- Option 1: Limit access to users – the build can access the credentials only if specific users triggered the build
- Option 2: Limit access to a repository – only builds for this repository can access the credentials
- Option 3: Limit access to a branch – only builds of specific branches can access the credentials
- Option 4: Limit access to step – only specific steps inside the build can access the credentials. In contrast to the other options, this option intends to limit access to secrets between the different parts of the pipeline, not to limit the users’ permissions to access secrets
The options above can be used to protect against two kinds of scenarios:
- An attacker can change the pipeline manifest without review and execute code in the CI that will access stored credentials through the build, by executing a Direct-PPE attack. This risk can be reduced by implementing the first three options above. While options #1 (users) and #2 (repository) limit the access of an attacker with a compromised source control account, they aren’t restrictive enough to prevent unreviewed access to credentials, which can only be achieved by implementing option #3 (branch), which leverages additional security mechanisms such as branch protection rules that can enforce a review to any push of code.
- An attacker can run malicious code inside the build by modifying files stored in the repository that are run by the build (Indirect-PPE). This risk can be reduced by applying options #1 (users), #3 (branch) and #4 (step).
- An attacker can run malicious code inside the build by compromising a 3rd party tool used by the build (see Top 10’s Ungoverned Usage of 3rd Party Services). This risk can be reduced by applying option #4 (step).
The following table compares between the access controls that each vendor provides, including vendor limitations.
|GitHub Actions||Available when using OIDC credentials||Available||Available when using OIDC credentials or environments (in public repos or Enterprise plan)||Not available|
|CircleCI||Contexts to a group||Available||Not available||Available|
|Jenkins||Available||Available using multibranch pipeline or folder credentials*||Available when configuring a pipeline to run for a specific branch||Available|
|GitLab CI/CD**||Available when using OIDC credentials (alpha)||Available||Available for protected branches||Available|
** It’s important to note that GitLab allows you to retrieve the clear-text value of the stored credentials using its API, which is not a best-practice security wise.
A few interesting insights:
- Jenkins, being an open source solution often considered to be less modern, is the only one that supports all of the access control features, while most modern CIs do not
- As previously mentioned, Limiting access to a specific branch is the only control which can require reviewer approval using branch protection rules, providing an extra layer of security. This feature is not fully available in all CIs
Credentials Exposed in Console Logs
Console logs are usually broadly accessible in organizations and are even visible to the public in certain projects. Credentials can be accidentally exposed through console logs for many reasons, such as credentials used in commands or printed in debug logs.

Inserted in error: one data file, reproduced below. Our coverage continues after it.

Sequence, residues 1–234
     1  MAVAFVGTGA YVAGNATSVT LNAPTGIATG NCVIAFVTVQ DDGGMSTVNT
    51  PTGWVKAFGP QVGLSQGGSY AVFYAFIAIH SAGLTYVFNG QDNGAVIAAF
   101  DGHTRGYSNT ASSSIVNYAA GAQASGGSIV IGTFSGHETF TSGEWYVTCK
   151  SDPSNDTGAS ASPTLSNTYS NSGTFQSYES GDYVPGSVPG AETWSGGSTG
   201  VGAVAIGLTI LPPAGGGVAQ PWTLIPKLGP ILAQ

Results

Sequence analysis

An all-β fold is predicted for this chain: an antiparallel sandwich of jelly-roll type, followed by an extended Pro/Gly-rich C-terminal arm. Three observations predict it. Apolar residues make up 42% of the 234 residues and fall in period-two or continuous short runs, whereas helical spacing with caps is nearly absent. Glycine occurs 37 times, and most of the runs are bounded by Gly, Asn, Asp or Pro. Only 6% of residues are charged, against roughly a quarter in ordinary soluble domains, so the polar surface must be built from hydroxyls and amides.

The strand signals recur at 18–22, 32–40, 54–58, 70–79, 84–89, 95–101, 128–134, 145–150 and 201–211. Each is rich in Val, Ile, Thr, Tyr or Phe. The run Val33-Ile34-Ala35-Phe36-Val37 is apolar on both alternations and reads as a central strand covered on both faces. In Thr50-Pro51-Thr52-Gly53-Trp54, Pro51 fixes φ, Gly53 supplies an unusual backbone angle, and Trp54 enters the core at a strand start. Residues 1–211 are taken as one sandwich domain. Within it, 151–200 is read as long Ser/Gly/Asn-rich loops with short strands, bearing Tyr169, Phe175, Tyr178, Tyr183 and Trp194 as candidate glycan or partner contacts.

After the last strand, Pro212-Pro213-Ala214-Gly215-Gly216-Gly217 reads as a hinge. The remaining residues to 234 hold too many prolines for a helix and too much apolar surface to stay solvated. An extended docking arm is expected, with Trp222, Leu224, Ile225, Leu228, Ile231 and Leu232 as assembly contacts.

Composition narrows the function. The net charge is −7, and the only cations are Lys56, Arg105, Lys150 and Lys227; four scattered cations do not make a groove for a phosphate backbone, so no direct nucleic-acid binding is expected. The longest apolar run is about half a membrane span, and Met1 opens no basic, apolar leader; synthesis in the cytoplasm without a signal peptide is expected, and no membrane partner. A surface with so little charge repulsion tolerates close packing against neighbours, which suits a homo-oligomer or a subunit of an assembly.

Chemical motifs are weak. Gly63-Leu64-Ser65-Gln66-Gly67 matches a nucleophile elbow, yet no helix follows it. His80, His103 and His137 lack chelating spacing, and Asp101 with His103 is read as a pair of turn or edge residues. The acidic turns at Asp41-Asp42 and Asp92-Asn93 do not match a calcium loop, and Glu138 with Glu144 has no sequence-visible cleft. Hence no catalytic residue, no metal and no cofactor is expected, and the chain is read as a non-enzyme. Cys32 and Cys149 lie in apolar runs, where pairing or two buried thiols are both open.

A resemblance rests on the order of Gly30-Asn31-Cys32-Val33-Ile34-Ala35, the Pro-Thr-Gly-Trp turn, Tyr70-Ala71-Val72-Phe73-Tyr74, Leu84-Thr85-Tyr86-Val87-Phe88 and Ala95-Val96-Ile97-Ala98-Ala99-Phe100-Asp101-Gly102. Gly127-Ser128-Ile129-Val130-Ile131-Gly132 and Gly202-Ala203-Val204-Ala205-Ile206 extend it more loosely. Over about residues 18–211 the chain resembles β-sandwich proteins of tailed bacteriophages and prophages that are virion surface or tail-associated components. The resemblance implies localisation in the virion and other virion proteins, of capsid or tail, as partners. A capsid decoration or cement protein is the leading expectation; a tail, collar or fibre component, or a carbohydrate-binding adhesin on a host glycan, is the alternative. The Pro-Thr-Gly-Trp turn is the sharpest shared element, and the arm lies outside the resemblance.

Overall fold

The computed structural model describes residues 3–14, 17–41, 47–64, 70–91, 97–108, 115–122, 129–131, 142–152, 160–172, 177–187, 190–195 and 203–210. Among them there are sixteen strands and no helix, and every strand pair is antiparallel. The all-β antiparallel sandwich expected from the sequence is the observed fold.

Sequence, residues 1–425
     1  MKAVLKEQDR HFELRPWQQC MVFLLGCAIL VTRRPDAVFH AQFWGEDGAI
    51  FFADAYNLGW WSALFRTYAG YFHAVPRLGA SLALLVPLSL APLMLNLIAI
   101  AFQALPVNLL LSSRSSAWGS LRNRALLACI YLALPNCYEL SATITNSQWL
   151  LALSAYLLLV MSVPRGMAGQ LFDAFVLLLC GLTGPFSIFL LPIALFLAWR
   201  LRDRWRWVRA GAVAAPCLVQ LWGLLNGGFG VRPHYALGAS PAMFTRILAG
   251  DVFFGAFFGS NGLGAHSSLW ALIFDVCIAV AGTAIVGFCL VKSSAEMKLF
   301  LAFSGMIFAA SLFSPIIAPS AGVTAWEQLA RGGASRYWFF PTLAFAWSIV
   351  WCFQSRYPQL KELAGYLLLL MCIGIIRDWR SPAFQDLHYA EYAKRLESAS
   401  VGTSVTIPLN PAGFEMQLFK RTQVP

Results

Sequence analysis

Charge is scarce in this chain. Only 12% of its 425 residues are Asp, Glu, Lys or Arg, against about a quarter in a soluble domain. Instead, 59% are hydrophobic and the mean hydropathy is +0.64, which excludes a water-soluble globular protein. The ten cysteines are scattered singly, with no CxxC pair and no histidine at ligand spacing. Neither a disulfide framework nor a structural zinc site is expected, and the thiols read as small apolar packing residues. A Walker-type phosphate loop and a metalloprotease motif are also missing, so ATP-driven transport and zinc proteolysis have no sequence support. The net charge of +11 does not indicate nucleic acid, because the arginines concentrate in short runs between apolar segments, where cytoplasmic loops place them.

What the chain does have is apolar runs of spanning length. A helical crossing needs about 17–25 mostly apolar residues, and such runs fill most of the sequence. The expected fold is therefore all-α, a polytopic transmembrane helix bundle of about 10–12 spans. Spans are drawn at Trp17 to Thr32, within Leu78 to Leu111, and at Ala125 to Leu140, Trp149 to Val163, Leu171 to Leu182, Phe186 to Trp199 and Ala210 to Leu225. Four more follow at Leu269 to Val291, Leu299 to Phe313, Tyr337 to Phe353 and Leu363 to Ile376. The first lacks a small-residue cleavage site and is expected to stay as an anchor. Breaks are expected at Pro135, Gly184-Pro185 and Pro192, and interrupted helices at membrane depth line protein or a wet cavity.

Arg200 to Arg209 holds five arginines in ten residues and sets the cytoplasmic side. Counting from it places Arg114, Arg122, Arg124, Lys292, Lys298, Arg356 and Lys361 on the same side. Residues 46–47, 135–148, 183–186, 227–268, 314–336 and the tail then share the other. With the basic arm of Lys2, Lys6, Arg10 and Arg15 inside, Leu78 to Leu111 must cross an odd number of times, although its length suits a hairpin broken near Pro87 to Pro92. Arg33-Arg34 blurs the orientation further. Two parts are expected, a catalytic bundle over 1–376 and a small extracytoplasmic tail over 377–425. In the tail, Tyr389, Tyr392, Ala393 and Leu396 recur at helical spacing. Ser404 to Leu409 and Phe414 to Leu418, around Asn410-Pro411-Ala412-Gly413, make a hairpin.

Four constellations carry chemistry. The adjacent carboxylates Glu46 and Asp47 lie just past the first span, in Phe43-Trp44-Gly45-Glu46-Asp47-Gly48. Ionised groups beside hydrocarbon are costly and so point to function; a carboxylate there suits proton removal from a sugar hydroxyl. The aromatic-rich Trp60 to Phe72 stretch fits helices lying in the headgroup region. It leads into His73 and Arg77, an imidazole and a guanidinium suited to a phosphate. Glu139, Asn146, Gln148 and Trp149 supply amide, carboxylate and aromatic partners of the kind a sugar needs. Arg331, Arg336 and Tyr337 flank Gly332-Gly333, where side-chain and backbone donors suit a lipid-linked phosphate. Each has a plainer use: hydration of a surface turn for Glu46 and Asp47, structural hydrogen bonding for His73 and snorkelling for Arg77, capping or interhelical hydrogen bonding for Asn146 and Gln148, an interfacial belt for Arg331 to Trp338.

The first method to prevent credentials being exposed is by masking credentials that are printed to the console log. This feature is offered by all common CIs. Generally, vendors attempt to identify and mask environment variables populated with credentials from the CI credential store.
It’s important to mention that credential masking is intended to prevent accidental exposure of credentials. Intentional exposure of credentials by an attacker would not be prevented by these features, because credentials can be printed in the console log in many forms, for example – by simple encoding.
The second way to prevent credentials from being exposed in console logs is by masking custom-configured strings. This capability masks strings that aren’t necessarily used as credentials, and can therefore be missed by automatic masking mechanisms. It allows users to mask specific command outputs, preventing credentials from being exposed in the log.
In the table below we compare the masking features provided by the vendors.
|Vendor||Credential Masking||Custom Masking|
|GitHub Actions||Available, turned on by default||Available|
|CircleCI||Available, turned on by default||Not Available|
|Jenkins||Available, turned on by default||Available using the Mask Passwords plugin|
|GitLab CI/CD||Available, not turned on by default||Not Available|
For too long, credential hygiene for CI/CD systems was not given the attention it deserves, providing attackers with a convenient method of gaining access to credentials. In this article we have described common credential hygiene issues and the ways in which you can protect your environment.
We have also provided an overview and comparison of the solutions offered by the main vendors. Each vendor has their own strengths and weaknesses, although no solution provides all the capabilities required to fully protect their credentials.
Whether you’re considering which CI/CD vendor you should choose security wise, or wondering if your current vendor provides you with capabilities to achieve credential hygiene for your CI/CD ecosystem, we hope this post helps you in deciding the next moves to defend your crown jewels.
At Cider Security, we assist many organizations by mapping their CI/CD ecosystem and improving their security posture including credential hygiene.